PHOENIX, Arizona, October 16. THE Ask A Coach! series is back today as Tennessee associate coach of men's and women's swimming and diving Tyler Fenwick replies with his thoughts on young club coaches ascending to the highest spots in college coaching.
I've noticed recently that successful, young, club coaches are starting to land some of college swimming's most coveted assistant positions (You-Tennessee, Yuri Suguiyama-California, Scott Armstrong-Stanford), with little, if any, college coaching experience. Can you comment on how club coaching has prepared you for the college coaching ranks and some of the learning curve you've experienced thus far?
Thanks for checking in! This is a great question. Scott and Yuri are good friends and spectacular coaches. I modeled a lot of what I did at Mission Viejo off of both of their programs. Club swimming is very close to my heart and has been a major influence on my career. I started swimming for Coach Richard Shoulberg at Germantown Academy in 1992. Even at age 11, I can remember observing how he worked with and related to his athletes. He has such a way with people. They're drawn to his energy and his enthusiasm for life. I spent 15 years swimming or coaching for Shoulberg. During college, I'd work for him during the summers. I learned a tremendous amount about motivation, success, discipline, intensity and passion.
I was also very fortunate to have had an opportunity to work for Bill Rose with Mission Viejo. The Nadadores are a first-class organization that has produced some of the top swimmers in history. Coach Rose is a master of understanding the individuals he trains and creating an environment for them to flourish. The chance to learn from two legendary coaches was a once-in-a-lifetime opportunity to learn, grow and develop.
I talk to a lot of swimmers who are looking to enter the coaching profession. I almost always advise them to spend a few years coaching at the grass roots of the sport. If possible, find a way to spend time working with one of the many great coaches we have in the U.S. Be a sponge and learn as much as you can! There are major benefits to this route. First, it allows you to learn how swimming works at its most fundamental level. Swimmers don't make U.S. Nationals by accident. There is an intricate process of development that takes place on the club level from the time they are very young. Having a chance to participate in this progression helps provide an outstanding foundation for young coaches. Exposure to different age groups, abilities and personalities helps a coach learn to teach, express themselves and form their own philosophy on the way swimming works.
A club setting also provides many challenges and unique experiences for a coach. At Mission Viejo, I was the strength coach, the nutritionist, the psychologist, the technique expert, the liaison to parents and the college counselor for my groups, in addition to coaching them in the pool. I had to become an expert in all aspects of my athletes' lives in order to give them proper guidance and put them in a position to be successful.
At Tennessee, it's been a pleasure to work with professionals at the college level, who in many cases have PhDs and are experts in their fields. Having spent years at the club level working with my athletes in and out of the water has helped me to understand their needs while I collaborate with our staff at Tennessee to make sure they are always provided with the best support possible. I have a tremendous appreciation for the resources with which we're provided. I remind our athletes daily how fortunate they are!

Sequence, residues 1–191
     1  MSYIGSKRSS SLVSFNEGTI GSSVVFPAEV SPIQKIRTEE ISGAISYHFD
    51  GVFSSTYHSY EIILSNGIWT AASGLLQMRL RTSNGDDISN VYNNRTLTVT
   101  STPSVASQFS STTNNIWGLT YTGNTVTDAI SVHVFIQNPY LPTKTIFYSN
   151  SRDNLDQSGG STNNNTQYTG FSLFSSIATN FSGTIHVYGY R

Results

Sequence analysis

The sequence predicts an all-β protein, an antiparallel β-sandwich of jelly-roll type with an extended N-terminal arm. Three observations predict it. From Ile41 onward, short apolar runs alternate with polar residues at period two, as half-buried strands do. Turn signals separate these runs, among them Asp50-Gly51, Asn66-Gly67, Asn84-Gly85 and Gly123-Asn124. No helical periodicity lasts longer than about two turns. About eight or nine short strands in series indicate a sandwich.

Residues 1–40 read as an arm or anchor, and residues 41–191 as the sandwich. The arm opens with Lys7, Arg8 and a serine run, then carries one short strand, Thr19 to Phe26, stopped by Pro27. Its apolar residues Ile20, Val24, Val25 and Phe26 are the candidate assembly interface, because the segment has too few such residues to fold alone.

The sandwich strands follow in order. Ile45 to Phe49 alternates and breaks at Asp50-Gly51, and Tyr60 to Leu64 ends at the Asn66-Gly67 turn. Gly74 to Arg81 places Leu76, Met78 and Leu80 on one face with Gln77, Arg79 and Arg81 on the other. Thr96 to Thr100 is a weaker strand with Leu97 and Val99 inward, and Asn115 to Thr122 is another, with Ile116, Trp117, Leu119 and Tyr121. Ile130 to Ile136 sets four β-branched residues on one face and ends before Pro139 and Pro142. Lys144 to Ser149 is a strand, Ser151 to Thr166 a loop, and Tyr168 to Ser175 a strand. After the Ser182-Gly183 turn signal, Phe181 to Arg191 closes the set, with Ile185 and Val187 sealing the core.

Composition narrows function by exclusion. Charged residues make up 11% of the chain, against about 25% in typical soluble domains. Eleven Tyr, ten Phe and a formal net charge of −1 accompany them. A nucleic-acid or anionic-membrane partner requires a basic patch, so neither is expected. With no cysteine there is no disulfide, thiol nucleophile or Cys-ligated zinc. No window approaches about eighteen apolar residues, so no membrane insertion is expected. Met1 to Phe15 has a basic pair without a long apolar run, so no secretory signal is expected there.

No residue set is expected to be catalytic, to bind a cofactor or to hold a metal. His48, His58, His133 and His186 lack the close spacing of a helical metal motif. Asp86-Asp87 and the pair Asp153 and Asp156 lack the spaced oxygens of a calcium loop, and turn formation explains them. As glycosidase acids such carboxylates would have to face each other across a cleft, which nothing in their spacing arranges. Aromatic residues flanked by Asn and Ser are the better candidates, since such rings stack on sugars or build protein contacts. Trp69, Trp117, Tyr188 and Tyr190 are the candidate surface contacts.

My experience at Tennessee has been phenomenal so far. One of the major differences is recruiting. It's been a ton of fun traveling the U.S. getting to know some of the top swimmers and their families. It is extremely time consuming and the rules are complicated (the NCAA manual is more than 300 pages long!), but I value the relationships I've built with athletes, coaches and parents and so far and I am having a blast!
Our resident expert coach currently is Tyler Fenwick, Tennessee's Associate Coach for the men's and women's swimming and diving program. Fenwick has coaching experience at both the collegiate and club swimming level. Before moving to Tennessee, he spent three years (2009-12) as the Head Men's National Team coach for the Mission Viejo Nadadores, a premier gold medal club in Mission Viejo, Calif.
In his time with the Nadadores, Fenwick's athletes posted 58 National Age Group top-10 swims, 24 top-three swims and seven #1 ranked swims. His swimmers broke 13 Nadadore club records, four Southern California records and one National Age Group record. This past year alone, two swimmers each made the U.S. National Team, Junior Pan Pacific Team and Junior World Championship Team. Two of his swimmers won gold and bronze medals at the Junior Pan Pacific Championships. To cap it all off, he coached the 5k National Champion, David Heron, at the Open Water National Championships. Heron has since committed to rejoining Fenwick as a Volunteer after his senior year of high school.
If you would like to submit a question to Coach Fenwick, email us or leave a comment below! All swimming-related questions are welcome!